I promise this post will have nothing too serious. No politics, news, world hardships, or references to the Kardashians. Instead, I want to look back at my visits to somewhere that always makes me smile. Ever since I was a young boy, I have been going to Manning Provincial Park in southern British Columbia, Canada to hike, camp, picnic, and to see the Columbian ground squirrel.
E.C. Manning Provincial Park is located about 200 kilometers east of Vancouver. The drive takes about 2 1/2 hours. The park was named after E.C. Manning himself. He was the Chief Forester in British Columbia from 1936 to 1941, and believed in setting aside land outside of the National Park system for future generations to enjoy. In the winter, there is snowshoeing, and both cross-country and downhill skiing. In the summer, there are numerous hiking trails ranging from easy to difficult. There are campgrounds and even a road that will take you into the sub-alpine where you can see wildflowers, with little effort.
During the summer, the most popular feature of Manning Park is the Lightning Lakes where there is a large day-use area and campground. Activities include hiking, picnicking, swimming, fishing, and canoeing. In fact, Lightning Lakes is actually a chain of four lakes which, if I remember correctly, three are joined by streams that are accessible with canoes or kayaks.
The Columbian ground squirrel is only found in parts of British Columbia and Alberta, Canada, and Washington, Idaho, Montana, and Oregon in the United States. It’s named after the Columbia River where much of its territory is located around. Although I may be corrected, Manning Park, and this specific colony at Lightning Lake, is the westernmost reach of the Columbian ground squirrel in British Columbia. I must note that these little rodents are only active for about three months of the year. The rest of the time they’re sleeping or hibernating. For more information on the Columbian ground squirrel, please visit the Smithsonian National Museum of Natural History page.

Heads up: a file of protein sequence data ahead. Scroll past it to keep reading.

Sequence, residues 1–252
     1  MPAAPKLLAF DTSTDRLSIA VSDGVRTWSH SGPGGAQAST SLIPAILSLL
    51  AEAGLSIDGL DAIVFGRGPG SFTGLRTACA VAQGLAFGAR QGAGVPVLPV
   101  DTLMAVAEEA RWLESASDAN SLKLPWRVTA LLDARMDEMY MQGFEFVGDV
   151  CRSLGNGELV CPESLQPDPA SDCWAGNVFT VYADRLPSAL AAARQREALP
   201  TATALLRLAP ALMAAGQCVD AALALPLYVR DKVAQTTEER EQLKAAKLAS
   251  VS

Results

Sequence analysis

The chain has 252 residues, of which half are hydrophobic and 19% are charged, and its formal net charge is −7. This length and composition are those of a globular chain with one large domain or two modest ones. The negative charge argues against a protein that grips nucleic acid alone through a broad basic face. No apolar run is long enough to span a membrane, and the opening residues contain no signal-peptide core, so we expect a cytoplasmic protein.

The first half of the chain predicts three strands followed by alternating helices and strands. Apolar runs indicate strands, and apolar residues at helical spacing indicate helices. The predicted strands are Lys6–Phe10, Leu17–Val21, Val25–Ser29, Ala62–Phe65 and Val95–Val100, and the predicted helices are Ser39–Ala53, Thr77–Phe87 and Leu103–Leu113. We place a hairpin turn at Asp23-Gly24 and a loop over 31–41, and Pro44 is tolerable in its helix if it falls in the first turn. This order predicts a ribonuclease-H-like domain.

This one is calling.
From another hole, babies emerge.
And the mother.
At least I believe this is the mother.
Okay, I know a cracker is not part of the diet for the Columbian ground squirrel but…
I couldn’t say no.
Oh yes, the bear. On a blog post, I wouldn’t normally include a photo of a bear on a road. While driving through Manning Park early one day last August, I came across this one sauntering in the middle of the highway. I didn’t have a choice and had to stop. He took his time and then proceeded to the side of the road where…
he knelt down and watched me and the traffic go by.
Sorry, I hope you weren’t expecting the ground squirrels playing with the bear. That would certainly be YouTube material.
I hope you enjoyed this post, as I looked back at two of my recent trips to Manning Provincial Park. If you’re ever in the area, it’s well worth a stop for at least a few hours on a pleasant afternoon. If you enjoy relaxing, hiking, or canoeing, you can easily spend a day or two. Or else you can grab a picnic basket and blanket, and relax on the edge of Lightning Lake and watch these cute, furry guys.
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